The massive NJ Transit delays in late July have gotten the attention of the Obama Administration.

Passengers ride the NJ Transit train from New York Penn Station (Photo by Andrew Burton/Getty Images)

Tuesday morning, Federal Transportation Secretary Anthony Foxx was scheduled to meet in Newark with Gov. Chris Christie and U.S. Senators Cory Booker (D-NJ) and Robert Menendez (D-NJ) to discuss repairing the 105-year-old trans-Hudson rail tunnels and the planned Gateway rail project.

"We need to make our investment for our children and our grandchildren and to strengthen the economy. This is something that needs to be done now," said State Senate President Steve Sweeney (D-Thorofare). "We cannot afford not to have this (Gateway) tunnel go forward. This tunnel will mean an additional $4 billion income for the state of New Jersey."

At an Aug. 10 Senate Legislative Oversight Committee hearing Amtrak Vice President Stephen Gardner said his agency would urge the federal government to pick up 80 percent of the tab for the planned Gateway trans-Hudson rail tunnel.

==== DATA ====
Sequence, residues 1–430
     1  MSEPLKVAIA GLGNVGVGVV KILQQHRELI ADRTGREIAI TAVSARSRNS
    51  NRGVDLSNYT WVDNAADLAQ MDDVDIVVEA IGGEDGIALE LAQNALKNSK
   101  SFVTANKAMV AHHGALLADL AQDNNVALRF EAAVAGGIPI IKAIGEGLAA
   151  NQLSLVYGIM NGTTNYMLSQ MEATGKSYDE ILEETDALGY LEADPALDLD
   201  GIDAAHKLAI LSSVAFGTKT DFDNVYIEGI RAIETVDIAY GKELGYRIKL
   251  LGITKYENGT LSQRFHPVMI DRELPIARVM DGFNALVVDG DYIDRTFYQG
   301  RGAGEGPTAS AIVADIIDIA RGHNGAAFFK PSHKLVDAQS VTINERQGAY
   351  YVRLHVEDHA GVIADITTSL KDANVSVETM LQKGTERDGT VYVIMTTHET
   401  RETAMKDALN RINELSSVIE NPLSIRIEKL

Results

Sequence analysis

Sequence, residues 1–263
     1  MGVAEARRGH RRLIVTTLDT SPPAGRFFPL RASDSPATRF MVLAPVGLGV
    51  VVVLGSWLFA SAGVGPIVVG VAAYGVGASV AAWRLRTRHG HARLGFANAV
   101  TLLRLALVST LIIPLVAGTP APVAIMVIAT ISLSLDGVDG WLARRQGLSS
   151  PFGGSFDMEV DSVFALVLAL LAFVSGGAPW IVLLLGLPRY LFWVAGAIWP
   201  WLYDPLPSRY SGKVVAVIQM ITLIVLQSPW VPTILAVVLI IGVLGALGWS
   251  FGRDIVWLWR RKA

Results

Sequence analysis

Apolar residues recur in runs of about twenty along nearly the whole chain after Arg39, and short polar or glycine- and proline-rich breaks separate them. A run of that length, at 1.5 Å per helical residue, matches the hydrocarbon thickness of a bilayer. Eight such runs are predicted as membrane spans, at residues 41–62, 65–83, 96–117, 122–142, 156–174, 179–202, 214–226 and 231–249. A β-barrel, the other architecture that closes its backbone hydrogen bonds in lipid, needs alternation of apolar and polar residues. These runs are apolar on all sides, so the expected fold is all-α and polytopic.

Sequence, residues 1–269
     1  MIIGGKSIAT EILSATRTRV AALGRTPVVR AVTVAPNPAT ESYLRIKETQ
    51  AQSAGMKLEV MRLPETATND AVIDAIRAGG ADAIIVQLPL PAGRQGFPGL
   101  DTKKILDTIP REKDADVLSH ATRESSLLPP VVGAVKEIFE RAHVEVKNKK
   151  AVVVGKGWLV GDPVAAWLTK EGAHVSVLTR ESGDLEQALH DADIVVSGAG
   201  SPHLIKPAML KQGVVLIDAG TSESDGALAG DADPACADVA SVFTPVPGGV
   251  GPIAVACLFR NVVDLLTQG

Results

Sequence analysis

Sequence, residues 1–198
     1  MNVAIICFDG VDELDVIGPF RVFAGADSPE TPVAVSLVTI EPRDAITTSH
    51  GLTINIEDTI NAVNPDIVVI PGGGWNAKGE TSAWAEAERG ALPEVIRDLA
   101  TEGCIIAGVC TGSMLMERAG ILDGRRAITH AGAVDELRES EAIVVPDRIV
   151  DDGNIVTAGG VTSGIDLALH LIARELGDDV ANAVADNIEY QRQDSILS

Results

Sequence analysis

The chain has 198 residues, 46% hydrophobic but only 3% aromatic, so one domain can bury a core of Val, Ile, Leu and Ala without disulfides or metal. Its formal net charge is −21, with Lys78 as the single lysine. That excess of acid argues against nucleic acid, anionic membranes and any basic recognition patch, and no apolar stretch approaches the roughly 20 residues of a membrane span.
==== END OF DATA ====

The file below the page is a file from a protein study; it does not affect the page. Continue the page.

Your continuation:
"If you could get an 80 percent federal grant and a 20 percent match, that's a home run. I'm hoping that both sides of the (Hudson) river recognize what a priority this project is and they don't play politics with it," Sweeney said.

The politics have already begun. "It's not my tunnel," New York Gov. Andrew Cuomo told reporters last week.

At the hearing, Gardner also said more than $30 billion remains in the federal Railroad Rehabilitation Infrastructure Financing program for low-interest loans. New York City's Metropolitan Transportation Authority got a $967.1 million loan from the program in May at a 2.38 percent interest rate. Sweeney said that also made a deal on the tunnel more attractive.

"President Obama announced that Gateway is the top rail priority in the nation," noted Senate Legislative Oversight Committee Chairman Bob Gordon (D-Fair Lawn) in a press release statement. "If Transportation Secretary Foxx puts an 80-20 split on the table when he meets with Governor Christie, there is no reason not to reach a quick agreement."

Christie's office did not offer a pre-meeting statement and it remained unclear if the governor or either of the U.S. senators will address the media after the discussion Tuesday.